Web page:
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Identifying and managing care for children with autism spectrum disorders in general practice: A systematic review and narrative synthesis

Research output: Contribution to journalReview article

Barry Coughlan, Robbie Duschinsky, Mary Ellen O'Connor, Matt Woolgar

Original languageEnglish
Pages (from-to)1928-1941
Number of pages14
JournalHealth and Social Care in the Community
Issue number6
Accepted/In press1 Jan 2020
Published1 Nov 2020

King's Authors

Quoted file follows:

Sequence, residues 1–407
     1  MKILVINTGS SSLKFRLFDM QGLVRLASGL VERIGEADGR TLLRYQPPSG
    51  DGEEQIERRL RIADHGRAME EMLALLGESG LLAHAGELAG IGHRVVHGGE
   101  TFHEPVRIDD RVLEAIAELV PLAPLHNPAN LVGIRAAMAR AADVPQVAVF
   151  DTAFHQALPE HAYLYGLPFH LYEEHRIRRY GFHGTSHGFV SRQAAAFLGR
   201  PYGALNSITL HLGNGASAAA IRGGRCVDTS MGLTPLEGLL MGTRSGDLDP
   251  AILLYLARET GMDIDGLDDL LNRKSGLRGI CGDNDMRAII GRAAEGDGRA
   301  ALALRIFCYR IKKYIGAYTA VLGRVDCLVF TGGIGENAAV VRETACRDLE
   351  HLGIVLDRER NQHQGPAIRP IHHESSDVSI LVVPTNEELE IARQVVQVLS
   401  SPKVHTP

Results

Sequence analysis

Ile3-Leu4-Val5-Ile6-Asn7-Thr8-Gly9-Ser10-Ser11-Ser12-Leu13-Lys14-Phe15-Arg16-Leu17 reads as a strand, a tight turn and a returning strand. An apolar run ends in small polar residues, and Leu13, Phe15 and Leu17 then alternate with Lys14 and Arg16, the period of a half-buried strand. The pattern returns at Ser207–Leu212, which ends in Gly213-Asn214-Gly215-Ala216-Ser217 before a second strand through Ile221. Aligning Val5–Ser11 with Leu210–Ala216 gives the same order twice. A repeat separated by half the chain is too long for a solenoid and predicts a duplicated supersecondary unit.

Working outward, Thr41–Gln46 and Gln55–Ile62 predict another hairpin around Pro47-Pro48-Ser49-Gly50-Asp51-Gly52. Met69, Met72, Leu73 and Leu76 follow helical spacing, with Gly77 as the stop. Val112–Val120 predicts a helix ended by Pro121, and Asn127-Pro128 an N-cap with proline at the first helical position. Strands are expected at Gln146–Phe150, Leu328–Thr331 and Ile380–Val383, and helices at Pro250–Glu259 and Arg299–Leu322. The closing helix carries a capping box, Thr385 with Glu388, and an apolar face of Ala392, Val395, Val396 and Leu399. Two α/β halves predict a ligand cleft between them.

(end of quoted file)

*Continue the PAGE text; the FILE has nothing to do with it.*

Many healthcare systems are organised such that General Practitioners (GPs) often have a key role in identifying autism spectrum disorders (hereafter collectively referred to as autism) in children. In this review, we explored what GPs know about autism and the factors that influence their ability to identify and manage care for their patients with autism in practice. We conducted a systematic narrative review using eight electronic databases. These included Embase and MEDLINE via Ovid, Web of Knowledge, PsycINFO via Ebscohost, PubMed, Scopus, ProQuest Dissertations and Thesis, and Applied Social Sciences Index and Abstracts (ASSIA) via ProQuest. Our search yielded 2,743 citations. Primary research studies were included, and we did not impose any geographical, language or date restrictions. We identified 17 studies that met our inclusion criteria. Studies included in the review were conducted between 2003 and 2019. We thematically synthesised the material and identified the following themes: the prototypical image of a child with autism; experience, sources of information, and managing care; barriers to identification; strategies to aid in identification; and characteristics that facilitate expertise. Together, the findings from this review present a mixed picture of GP knowledge and experiences in identifying autism and managing care for children with the condition. At one end of the continuum, there were GPs who had not heard of autism or endorsed outmoded aetiological theories. Others, however, demonstrated a sound knowledge of the conditions but had limited confidence in their ability to identify the condition. Many GPs and researchers alike called for more training and this might be effective. However, framing the problem as one of a lack of training risks silences the array of organisational factors that impact on a GP's ability to provide care for these patients.

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